A bushel of diyas (beacons) illumined the Great Hall, and vibrant floral decorations adorned the hallways of the Federal Parliament House in Canberra.
It was a fitting venue for the milestone 10th anniversary of Deepavali festivities celebrated with grandeur and gusto in the nation’s capital.
The event was jointly hosted by the Federal Parliament and the Hindu Council of Australia (HCA), a national body representing Australian Hindus (approximately 300,000 in number), and was supported by other organisations.
Around 500 guests partook in the event that amplified the sentiment of multiculturalism as the desired chord that keeps a progressive nation bound together.
Participants included over 40 members of parliament and senators, high commissioners and ambassadors from five countries, community leaders, members and attendees from Canberra, Sydney and Melbourne.
The festivities commenced with the ‘Deep Pragatya’ (lighting the ceremonial lamp), a symbolic gesture to ward off darkness. Devotional songs were sung and prayers recited.
Chairman of the Hindu Council of Australia (HCA), Prof. Nihal Agar delivered the welcome note. “Indeed this is a classic example of multiculturalism, celebrating Deepavali in the nation’s Parliament House,” he said.
Senator Zed Sesalja, co-hosting the event with Kanti Jinna, vice chairman of the HCA, agreed.
“Holding this event in the Parliament is a testament to our freedom of religion,” he observed.
“This Hindu festival which we celebrate with people of other faith groups under the roof of this Parliament House is a testimony that you have flourished in our nation and I really appreciate for sharing your heritage with us. Tonight through the very act of coming together, we are helping to sustain the light of hope and goodness.”
Senator Concetta Fierravanti-Wells, Assistant Minister for Multicultural Affairs and representing the Prime Minister of Australia on the occasion, added her bit.
“The Australian Government supports a productive, harmonious and diverse society for all Australians,” she said.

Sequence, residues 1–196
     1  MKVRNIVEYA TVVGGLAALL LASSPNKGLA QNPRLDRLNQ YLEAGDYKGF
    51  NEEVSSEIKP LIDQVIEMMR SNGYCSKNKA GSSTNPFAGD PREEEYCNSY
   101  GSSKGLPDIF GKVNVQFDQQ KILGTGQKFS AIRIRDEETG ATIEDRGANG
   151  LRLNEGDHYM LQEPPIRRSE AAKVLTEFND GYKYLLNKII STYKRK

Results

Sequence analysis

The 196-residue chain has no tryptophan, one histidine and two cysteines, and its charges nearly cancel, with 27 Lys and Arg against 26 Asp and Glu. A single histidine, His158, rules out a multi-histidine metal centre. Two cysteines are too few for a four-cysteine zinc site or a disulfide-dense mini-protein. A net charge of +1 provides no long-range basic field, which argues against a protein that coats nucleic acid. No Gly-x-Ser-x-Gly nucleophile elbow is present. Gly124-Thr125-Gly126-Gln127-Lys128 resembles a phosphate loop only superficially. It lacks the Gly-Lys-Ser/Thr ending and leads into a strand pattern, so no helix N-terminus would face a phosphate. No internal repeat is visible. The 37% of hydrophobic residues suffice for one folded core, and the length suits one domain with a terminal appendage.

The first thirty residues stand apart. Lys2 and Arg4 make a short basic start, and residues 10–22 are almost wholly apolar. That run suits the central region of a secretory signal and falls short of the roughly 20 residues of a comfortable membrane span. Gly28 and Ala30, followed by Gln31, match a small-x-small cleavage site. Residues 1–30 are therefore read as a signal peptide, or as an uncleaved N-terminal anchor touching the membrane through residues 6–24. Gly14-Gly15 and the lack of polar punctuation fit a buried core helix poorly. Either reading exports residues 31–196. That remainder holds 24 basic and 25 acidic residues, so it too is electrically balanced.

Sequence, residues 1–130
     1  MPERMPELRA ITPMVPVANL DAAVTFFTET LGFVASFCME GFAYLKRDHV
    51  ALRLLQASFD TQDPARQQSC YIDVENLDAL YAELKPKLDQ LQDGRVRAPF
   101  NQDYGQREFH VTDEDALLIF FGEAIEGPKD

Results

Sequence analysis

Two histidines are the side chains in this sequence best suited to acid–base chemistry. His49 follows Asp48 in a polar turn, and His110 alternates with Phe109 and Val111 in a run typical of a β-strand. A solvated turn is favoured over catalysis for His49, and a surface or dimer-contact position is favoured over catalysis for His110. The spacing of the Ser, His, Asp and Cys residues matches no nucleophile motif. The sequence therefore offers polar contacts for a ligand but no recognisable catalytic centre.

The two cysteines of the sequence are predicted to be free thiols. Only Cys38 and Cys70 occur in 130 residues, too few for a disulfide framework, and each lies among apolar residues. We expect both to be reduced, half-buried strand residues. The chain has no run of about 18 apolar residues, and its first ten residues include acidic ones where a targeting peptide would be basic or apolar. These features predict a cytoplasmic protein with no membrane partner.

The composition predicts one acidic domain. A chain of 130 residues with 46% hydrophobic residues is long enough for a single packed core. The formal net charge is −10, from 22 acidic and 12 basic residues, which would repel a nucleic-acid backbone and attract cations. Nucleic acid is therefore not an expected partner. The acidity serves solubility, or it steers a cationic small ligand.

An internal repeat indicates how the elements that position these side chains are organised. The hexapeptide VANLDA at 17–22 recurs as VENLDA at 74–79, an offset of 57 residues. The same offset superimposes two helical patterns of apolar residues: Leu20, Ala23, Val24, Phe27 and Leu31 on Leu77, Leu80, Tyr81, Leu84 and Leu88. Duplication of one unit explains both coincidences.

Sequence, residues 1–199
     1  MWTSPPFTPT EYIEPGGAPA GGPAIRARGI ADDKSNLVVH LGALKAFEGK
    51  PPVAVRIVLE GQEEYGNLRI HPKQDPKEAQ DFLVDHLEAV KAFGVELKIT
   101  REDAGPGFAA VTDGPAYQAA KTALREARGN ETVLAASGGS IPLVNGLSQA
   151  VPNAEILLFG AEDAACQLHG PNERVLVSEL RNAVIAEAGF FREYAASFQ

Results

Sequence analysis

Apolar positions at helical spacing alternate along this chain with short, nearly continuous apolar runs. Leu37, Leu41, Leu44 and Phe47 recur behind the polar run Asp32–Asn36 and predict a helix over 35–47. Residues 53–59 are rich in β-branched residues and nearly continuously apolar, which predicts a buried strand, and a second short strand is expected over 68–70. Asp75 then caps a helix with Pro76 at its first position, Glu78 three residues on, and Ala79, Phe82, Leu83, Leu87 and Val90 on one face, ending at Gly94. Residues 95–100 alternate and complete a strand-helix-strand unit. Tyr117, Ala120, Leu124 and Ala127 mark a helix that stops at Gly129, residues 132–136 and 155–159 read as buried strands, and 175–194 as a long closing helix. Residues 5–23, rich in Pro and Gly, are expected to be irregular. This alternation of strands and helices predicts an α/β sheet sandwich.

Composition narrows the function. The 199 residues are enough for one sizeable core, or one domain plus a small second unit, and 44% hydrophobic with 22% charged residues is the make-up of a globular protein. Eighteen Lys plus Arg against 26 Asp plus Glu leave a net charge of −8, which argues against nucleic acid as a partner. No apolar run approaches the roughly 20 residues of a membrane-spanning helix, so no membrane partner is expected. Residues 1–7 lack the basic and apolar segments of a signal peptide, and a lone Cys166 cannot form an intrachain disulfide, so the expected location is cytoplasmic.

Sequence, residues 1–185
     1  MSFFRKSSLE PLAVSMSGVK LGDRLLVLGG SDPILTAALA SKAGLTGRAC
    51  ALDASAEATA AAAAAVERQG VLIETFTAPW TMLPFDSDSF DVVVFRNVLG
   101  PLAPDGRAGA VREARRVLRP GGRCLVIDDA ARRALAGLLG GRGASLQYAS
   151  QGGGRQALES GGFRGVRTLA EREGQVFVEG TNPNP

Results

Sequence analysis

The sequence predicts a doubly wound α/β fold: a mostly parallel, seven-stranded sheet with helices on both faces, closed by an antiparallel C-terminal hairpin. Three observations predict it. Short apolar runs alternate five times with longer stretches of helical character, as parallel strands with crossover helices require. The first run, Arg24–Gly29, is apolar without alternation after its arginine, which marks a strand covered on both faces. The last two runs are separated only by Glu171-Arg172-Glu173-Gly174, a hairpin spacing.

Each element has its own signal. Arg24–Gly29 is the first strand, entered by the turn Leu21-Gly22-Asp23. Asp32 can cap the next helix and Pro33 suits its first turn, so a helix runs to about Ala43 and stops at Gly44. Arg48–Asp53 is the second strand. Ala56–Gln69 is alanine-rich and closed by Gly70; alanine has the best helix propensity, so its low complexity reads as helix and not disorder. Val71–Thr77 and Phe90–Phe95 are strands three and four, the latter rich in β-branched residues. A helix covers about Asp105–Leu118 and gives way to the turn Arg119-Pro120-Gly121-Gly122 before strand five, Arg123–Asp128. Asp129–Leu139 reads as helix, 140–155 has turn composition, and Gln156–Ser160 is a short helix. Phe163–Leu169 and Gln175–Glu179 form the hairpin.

“We respect the rights of all Australians to celebrate, practice and maintain their cultural traditions within the law and free from discrimination.”
Leader of the Opposition Bill Shorten, hailed Diwali as a celebration meaning a lot to the half million plus first and second generation Indian-Australians residing in Australia.
“In Australia, we do not just tolerate diversity, we celebrate it. Diwali is to me a part of a greater story even of the triumph of Australia and its marvellous diversity over those who would say that multiculturalism doesn’t work,” he said.
Deepak Raj Gupta, Bill Shorten, Nihal Agar
Acknowledging the contribution made by Indians, he added, “I would like to acknowledge at Diwali the growing contribution of Indian-Australians to Australia itself.”
Navdeep Suri, High Commissioner of India to Australia, chose to highlight that relations between the two nations have grown.
“This year alone, we have seen 11 visits of Australian Cabinet ministers to India and that indicates the importance that Australia today attaches to India and vice-versa. Ensuing visits by India’s leading Cabinet Ministers to Australia will ensure that the momentum is continued. This year, we have also had our first ever naval exercises between our countries.”
To those gathered for the occasion, he had a particular note of acknowledgement.
“Each one of you represents a kind of excellence, a kind of commitment, to promoting relations between India and this nation,” he said.
Philip Ruddock, Father of the Parliament and a personality well-loved within the Indian community, said, “For me what is particularly important about Australia is the way we view our diversity. We are able to commemorate and celebrate Diwali in the way which we do here and that itself is a reflection of all of us. Tolerance and harmony are only realised if those values are understood. I pay tribute to you and I thank you all for allowing me to share such a magnificent occasion. You bring credit to us all.”
The personal note in Michelle Rowland’s speech struck a chord.
The Shadow Minister for Citizenship and Multiculturalism and Shadow Assistant Minister for Communications, a popular figure at Indian community events, said, “During Diwali, when you go around the suburb such as the one I live in, I see all colourful lights and my three-year-old says ‘I like how there are two Christmases’, and I think that speaks a lot about how special Australia is.”
The highlight of the festivities was the Annakut (‘mountain of food’) display put up for the first time at the Federal Parliament by volunteers from Canberra, Melbourne and Sydney. Traditional Deepavali sweets and refreshments were served to attendees.
The entertainment was befittingly traditional and classical, with bharatanatyam, kathak, garba and folk styles dominating.
Indeed, to light the Diwali diyas this way, alongside some of the nation’s leading figures – and with the magnificent tapestry Shoalhaven Landscape in the background – was a special privilege that will stay on in memory.